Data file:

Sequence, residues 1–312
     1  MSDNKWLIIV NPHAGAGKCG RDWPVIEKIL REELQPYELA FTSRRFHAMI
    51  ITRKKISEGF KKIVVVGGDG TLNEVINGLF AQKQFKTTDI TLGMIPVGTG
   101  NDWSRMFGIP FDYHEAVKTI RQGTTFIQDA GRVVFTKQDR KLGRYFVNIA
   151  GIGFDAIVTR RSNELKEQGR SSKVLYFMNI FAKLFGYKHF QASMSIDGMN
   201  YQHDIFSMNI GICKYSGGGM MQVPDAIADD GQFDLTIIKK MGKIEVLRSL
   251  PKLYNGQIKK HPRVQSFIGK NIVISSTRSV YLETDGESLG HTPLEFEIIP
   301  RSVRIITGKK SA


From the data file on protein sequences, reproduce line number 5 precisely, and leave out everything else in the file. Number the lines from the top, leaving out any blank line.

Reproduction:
   151  GIGFDAIVTR RSNELKEQGR SSKVLYFMNI FAKLFGYKHF QASMSIDGMN